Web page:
SUMMARY OF THE INVENTION
The present invention provides a method and apparatus for adaptively targeting advertisements to a specific client computer from a server within a distributed data processing system. As a user of the client browses the World Wide Web, the material that is downloaded to the client constitutes a datastream. At some location during the routing of the datastream, either on the server or at the client, the datastream is scanned to generate a list of keywords that are present within the datastream. The datastream may be analyzed in real-time or cached and analyzed on a delayed basis. The generated list of keywords represents a summary of the content that appears to be the focus of interest of the user. The keywords are compared against a database of advertisements, and the server selects an advertisement that matches the user's area of interest in comparison to the analysis of the user's browsing history. The selected advertisement is then inserted into the datastream to be routed to the client. In consideration for viewing targeted advertisements and to entice a Web viewer to allow the monitoring of a datastream so that targeted advertisements may be placed into the datastream, a Web viewer may receive online connection service for free, for a reduced cost, at a premium level of service, or for other some other value, such as frequent viewer credits that may be exchanged for goods and services.
BRIEF DESCRIPTION OF THE DRAWINGS
The novel features believed characteristic of the invention are set forth in the appended claims. The invention itself, however, as well as a preferred mode of use, further objectives and advantages thereof, will best be understood by reference to the following detailed description of an illustrative embodiment when read in conjunction with the accompanying drawings, wherein:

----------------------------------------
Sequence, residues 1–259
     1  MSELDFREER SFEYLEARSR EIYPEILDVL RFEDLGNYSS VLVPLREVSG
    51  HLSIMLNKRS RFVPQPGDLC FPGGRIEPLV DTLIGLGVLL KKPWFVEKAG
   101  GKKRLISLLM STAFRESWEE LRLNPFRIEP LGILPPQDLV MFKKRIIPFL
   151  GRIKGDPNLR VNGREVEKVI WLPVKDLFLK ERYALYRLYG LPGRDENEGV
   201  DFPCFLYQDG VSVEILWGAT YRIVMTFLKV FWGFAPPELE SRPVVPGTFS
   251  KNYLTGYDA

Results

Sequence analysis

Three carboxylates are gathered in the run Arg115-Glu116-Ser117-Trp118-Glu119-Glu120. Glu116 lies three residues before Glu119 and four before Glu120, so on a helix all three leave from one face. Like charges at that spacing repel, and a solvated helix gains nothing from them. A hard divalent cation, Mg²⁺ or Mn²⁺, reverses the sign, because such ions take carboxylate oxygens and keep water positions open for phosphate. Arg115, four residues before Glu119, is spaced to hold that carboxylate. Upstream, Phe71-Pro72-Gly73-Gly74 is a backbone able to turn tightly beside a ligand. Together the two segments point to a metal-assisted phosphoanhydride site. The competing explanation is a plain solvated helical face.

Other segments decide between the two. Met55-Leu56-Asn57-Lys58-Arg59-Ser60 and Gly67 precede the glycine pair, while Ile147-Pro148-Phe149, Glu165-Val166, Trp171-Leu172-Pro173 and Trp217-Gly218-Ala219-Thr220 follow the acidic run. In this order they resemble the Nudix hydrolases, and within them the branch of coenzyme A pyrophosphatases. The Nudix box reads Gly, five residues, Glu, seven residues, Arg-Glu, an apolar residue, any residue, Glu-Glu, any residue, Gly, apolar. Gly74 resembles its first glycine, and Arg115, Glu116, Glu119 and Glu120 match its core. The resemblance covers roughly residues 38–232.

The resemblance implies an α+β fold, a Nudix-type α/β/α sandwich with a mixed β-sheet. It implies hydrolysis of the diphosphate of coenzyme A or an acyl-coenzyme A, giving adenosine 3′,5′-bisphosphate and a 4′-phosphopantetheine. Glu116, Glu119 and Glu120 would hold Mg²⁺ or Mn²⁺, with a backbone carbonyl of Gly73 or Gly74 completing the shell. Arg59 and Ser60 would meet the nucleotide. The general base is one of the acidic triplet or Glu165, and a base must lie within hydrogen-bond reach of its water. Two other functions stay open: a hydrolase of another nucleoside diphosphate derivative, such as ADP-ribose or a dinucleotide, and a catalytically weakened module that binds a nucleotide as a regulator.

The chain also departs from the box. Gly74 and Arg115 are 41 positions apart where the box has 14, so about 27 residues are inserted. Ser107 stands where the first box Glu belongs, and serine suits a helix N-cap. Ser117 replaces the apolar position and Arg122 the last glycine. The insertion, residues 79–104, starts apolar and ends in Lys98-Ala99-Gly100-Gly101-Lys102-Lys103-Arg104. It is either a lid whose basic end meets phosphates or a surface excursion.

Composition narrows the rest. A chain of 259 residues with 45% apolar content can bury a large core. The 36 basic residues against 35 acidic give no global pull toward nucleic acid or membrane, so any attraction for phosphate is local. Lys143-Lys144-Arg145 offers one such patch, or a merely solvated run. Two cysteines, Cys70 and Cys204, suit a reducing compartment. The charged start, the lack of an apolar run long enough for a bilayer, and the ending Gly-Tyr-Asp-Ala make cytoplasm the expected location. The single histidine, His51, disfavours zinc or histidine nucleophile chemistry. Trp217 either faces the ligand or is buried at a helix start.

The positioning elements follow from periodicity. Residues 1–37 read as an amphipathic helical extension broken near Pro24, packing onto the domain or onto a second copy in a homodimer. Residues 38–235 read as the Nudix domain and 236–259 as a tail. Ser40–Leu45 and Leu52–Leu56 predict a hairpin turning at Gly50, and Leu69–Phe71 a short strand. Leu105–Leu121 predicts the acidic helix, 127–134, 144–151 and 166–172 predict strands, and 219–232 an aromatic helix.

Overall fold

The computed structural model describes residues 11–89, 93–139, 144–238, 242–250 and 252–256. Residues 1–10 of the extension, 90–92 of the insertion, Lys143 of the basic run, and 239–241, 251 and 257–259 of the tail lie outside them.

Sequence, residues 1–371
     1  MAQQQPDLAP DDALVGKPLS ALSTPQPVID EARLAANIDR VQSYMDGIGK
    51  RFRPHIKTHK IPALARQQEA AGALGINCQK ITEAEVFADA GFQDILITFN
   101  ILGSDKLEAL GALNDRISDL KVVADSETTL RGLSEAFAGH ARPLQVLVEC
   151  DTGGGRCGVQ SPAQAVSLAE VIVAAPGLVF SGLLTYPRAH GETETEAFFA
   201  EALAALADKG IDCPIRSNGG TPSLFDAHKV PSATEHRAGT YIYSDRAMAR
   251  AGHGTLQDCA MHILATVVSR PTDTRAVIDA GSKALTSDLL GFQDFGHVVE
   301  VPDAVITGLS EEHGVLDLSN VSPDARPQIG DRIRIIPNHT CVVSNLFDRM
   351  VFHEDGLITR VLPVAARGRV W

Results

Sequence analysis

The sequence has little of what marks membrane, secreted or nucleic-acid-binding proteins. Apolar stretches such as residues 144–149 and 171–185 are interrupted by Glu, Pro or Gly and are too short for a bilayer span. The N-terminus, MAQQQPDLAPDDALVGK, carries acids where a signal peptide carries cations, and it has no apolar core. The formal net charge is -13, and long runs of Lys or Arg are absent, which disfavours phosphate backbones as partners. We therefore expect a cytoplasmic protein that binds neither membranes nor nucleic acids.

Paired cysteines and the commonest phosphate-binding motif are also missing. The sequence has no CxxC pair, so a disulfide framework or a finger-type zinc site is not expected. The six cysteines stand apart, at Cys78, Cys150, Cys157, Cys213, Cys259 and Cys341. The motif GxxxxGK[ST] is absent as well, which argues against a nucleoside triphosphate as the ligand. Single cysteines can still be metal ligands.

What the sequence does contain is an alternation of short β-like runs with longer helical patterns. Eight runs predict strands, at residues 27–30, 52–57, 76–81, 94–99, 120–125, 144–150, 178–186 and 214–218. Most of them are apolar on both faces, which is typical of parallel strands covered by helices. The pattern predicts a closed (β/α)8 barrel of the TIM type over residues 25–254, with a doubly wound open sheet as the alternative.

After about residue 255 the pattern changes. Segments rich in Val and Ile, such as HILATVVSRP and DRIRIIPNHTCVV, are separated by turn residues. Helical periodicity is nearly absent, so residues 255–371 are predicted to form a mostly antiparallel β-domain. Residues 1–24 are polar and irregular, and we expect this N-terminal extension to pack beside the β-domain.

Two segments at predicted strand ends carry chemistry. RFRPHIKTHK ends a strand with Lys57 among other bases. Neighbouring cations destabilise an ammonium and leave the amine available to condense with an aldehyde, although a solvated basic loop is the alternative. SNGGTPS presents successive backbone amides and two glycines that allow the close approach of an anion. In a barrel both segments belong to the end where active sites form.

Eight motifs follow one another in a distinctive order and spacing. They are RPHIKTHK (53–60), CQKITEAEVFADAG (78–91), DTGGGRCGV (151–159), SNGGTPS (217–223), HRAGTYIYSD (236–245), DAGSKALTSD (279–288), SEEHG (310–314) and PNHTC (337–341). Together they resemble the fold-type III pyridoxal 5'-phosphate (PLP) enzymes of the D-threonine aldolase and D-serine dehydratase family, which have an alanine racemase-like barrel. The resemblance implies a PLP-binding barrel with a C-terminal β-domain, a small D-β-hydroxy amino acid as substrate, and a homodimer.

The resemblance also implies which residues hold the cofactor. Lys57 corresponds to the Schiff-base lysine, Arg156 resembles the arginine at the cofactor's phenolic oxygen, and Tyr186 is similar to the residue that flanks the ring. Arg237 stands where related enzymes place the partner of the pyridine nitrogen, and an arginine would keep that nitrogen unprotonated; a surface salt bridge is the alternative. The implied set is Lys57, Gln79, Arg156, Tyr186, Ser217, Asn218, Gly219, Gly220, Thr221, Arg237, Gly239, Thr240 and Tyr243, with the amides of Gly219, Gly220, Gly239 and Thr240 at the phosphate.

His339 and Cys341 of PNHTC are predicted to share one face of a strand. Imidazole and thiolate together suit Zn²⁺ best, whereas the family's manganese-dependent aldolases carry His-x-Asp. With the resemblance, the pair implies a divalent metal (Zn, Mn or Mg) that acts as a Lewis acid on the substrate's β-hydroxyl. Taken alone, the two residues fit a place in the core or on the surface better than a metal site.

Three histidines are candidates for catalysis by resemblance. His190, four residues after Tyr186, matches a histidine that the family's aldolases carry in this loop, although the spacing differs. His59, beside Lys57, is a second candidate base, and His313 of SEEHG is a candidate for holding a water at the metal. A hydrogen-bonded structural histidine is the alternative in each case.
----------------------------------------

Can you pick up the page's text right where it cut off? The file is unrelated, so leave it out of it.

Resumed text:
FIG. 1 is a pictorial representation of a distributed data processing system in which the present invention may be implemented;
FIG. 2 is a block diagram depicting a data processing system, which may be implemented as a server in accordance with a preferred embodiment of the present invention;
FIG. 3 is a block diagram illustrating a data processing system in which the present invention may be implemented;
FIG. 4 is a flowchart depicting a distributed data processing system for adaptively targeting advertisements for a client using a datastream scanner within the server;
FIG. 5 is a block diagram depicting a distributed data processing system that adaptively targets advertisements for a client by scanning the datastream addressed to the client with a data processing unit within the client itself;
FIG. 6 is a flowchart depicting a process in which a client receives a datastream containing adaptively targeted advertisements;
FIG. 7 is a flowchart depicting the processing performed by a server that scans a datastream in order to insert adaptively targeted advertisements addressed to a client;